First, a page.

- Where individual consortia & associations identify the need to improve the quality of their REACH registration dossiers (e.g. after a thematic workshop), they integrate the planning and progress made with these actions in consortia (MISA) & associations workplans with the appropriate priority.
- The monitoring and review of progress made with MISA in a sectorial fashion, including recommendations for further review of priorities/actions.
What does MISA bring to the participants?
Participants benefit from sharing knowledge and practical guidance on issues specific to metals and inorganics, like for instance hazard identification and classification, reporting and assessment of UVCBs and exposure assessment. Joining increases the possibilities for data sharing and could support cost effective improvement of registration dossiers. MISA also allows to further build on the resources that industry has invested during the past 10 years in REACH registration and make the best use of the data, by improving, valorising and using these.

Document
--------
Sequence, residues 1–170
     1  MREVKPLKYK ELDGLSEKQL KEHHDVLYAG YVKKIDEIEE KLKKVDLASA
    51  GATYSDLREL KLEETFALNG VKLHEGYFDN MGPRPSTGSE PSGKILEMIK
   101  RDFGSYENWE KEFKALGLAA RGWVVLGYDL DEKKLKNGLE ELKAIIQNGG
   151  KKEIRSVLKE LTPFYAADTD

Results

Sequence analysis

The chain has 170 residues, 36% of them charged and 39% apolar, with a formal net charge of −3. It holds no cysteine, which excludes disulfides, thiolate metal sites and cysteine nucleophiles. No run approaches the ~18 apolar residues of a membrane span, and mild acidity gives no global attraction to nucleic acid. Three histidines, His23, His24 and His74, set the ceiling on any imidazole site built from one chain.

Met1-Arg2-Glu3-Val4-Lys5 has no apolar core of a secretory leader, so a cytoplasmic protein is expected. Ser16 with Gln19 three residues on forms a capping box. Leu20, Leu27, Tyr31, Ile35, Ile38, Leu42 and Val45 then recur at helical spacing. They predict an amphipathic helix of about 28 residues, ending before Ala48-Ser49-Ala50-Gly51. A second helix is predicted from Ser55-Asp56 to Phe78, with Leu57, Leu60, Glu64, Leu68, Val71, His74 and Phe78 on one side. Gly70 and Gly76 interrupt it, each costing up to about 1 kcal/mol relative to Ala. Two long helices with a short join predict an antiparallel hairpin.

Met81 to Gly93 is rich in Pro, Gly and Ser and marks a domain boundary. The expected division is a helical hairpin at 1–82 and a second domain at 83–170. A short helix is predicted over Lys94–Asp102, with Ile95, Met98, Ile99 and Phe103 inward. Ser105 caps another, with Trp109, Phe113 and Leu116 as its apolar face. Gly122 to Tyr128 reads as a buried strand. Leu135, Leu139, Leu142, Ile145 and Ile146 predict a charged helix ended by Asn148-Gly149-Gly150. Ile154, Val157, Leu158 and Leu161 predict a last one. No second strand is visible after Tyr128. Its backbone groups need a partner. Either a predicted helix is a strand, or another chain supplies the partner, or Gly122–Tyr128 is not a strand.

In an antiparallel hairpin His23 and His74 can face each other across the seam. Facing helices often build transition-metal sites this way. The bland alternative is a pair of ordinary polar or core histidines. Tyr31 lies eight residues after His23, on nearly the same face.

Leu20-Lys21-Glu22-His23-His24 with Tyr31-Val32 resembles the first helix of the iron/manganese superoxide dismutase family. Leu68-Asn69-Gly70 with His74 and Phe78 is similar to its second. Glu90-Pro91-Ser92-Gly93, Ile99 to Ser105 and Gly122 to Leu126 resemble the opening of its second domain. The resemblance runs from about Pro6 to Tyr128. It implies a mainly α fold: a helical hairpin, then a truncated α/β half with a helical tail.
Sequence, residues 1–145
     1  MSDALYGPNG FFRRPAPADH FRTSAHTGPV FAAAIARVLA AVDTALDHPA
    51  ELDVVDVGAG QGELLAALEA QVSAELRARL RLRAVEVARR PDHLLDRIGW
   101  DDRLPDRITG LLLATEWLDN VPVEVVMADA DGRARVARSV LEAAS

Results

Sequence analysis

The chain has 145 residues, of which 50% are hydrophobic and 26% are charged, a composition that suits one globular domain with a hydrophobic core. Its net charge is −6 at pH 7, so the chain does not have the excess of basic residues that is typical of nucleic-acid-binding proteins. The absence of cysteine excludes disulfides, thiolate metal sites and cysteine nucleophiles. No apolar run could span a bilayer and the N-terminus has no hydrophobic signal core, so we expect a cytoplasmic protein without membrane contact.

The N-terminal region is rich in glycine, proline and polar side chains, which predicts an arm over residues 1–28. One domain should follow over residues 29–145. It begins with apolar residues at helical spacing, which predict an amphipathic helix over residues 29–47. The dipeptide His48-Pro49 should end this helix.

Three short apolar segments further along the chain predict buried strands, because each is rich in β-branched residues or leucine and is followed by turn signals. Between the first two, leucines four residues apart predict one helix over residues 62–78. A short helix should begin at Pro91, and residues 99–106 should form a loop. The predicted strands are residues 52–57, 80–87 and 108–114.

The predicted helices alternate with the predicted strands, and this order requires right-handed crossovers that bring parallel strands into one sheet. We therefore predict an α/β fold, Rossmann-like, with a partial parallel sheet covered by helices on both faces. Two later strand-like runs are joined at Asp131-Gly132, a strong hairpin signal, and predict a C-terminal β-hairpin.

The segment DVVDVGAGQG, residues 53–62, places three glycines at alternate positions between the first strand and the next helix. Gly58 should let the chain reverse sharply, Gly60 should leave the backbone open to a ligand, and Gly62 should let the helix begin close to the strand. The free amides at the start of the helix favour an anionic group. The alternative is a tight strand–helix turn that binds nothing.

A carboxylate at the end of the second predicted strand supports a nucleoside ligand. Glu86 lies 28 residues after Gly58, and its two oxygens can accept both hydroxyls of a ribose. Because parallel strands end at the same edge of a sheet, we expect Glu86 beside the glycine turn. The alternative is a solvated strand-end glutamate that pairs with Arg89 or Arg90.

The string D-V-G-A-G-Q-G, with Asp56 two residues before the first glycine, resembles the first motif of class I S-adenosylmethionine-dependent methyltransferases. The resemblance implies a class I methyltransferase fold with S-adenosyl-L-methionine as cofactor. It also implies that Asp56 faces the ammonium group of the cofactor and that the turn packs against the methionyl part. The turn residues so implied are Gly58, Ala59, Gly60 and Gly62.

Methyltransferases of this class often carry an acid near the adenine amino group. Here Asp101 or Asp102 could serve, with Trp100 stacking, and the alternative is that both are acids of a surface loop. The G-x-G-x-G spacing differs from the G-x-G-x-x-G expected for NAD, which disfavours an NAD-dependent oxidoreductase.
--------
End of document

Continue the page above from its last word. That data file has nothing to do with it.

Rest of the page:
What does MISA expect from participants?
Participating consortia & associations, ECHA & Eurometaux have co-signed a ‘Framework for Cooperation’, which implies some commitments for the period 2018-2020:
By signing up to MISA, consortia & associations committed to implement an improvement strategy based on collective priorities. The priorities as well as the supportive tools are defined in the MISA general rolling action plan. These include workshops to exchange directly with ECHA and potentially interested Member States (e.g. like those who already planned to improve the information requirements for human health endpoints, read-across and weight of evidence for human health (2 October 2018) and chronic aquatic toxicity (7 February 2019). ECHA supports these activities by participating in the workshops, providing examples and commenting on deliverables.
Participants also agreed to an open communication on the goals, priorities and progress made with the MISA general programme.